COOLBAUGH TOWNSHIP — A chat over coffee resulted in a local youth organization receiving about 30 bicycles for their program, leading to a news story on WNEP-TV, precipitating even more bike donations, causing a storage quandary, giving rise to the Coolbaugh Township Parks and Recreation Committee working to help provide storage space for the bicycles as well as a potential venue for the organization’s “Earn a Bike” Program.
“Trips for Kids Pocono Flow” is the local chapter of an international organization promoting the benefits of youth biking. It was organized in 2011 by Youth Infusion, Inc., a Monroe County non-profit organization formed to encourage community engagement by young people. Youth Infusion runs programs designed to provide young people with the tools they need to become active members of the community and leaders in their society.
Coolbaugh resident Elika Almeida co-founded Youth Infusion in 2009, and recently returned to the organization as its Executive Director. A few weeks ago she had “an hours-long” coffee with Coolbaugh Supervisor Alma Ruiz-Smith during which Almeida talked of her return to Youth Infusion and the “Trips for Kids Program”. Ruiz-Smith suggested that Almeida might be able to use the unwanted bicycles dropped off by residents at the upcoming township bulk collection event.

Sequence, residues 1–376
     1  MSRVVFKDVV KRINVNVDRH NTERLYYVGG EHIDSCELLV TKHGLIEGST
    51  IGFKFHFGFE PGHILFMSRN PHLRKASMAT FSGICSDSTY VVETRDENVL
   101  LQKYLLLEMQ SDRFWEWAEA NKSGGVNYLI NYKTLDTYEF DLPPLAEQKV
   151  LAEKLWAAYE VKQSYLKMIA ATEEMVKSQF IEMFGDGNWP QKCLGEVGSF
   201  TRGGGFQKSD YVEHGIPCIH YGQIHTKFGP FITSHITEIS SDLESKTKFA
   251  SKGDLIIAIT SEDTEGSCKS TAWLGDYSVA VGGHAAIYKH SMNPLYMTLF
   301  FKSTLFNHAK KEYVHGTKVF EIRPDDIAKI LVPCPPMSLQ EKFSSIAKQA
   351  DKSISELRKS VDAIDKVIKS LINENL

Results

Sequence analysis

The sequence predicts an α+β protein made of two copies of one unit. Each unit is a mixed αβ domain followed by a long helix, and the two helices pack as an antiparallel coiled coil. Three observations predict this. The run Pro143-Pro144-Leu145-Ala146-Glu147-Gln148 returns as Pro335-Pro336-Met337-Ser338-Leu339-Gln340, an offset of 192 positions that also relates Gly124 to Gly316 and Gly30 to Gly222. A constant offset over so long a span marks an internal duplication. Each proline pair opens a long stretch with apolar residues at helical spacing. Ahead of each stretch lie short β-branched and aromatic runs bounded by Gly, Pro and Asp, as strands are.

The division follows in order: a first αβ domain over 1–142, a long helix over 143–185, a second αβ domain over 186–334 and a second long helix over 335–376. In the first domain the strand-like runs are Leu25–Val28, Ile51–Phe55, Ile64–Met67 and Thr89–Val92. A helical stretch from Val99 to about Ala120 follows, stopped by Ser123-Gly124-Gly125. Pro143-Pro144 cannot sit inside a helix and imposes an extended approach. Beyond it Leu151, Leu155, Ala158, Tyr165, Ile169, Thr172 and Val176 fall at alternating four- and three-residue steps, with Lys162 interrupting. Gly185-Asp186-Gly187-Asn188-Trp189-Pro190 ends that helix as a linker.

More than two dozen bikes were collected at that event. Ruiz-Smith put a call into WNEP reporter Carmella Mataloni, who covers the Pocono beat. Mataloni’s piece resulted in calls to Almeida of donations as far away as Pittston and Jim Thorpe. After seeing the story, Pocono Country Place contacted her and offered the twenty bikes dropped off by residents at their bulk pick-up event.
With about fifty bike donations now coming in, Almeida needed a place to store them. Ruiz-Smith offered her basement as a temporary solution and suggested that she discuss a possible permanent home with the township parks committee. “We have an ‘Earn-a-Bike’ program that we can use these bikes for,” Almeida said. The organization conducts a series of classes in which the children learn about all of the parts of the bicycle, including how to repair a tire, remove and install the chain and other parts. By the end of the program, they are able to take apart, put together, and repair a bicycle. They then get to keep the bike they had been working on.
“Trip for Kids” also leads trips on bike trails throughout the county for the program members and their families. Parents interested in getting their children in any of the Youth Infusion programs can visit the website at www.youthinfusioninc.com, write to them at email@example.com, or call (570) 994-4119. Businesses and individuals who would like to support the program can use that same contact information to find out how they can help.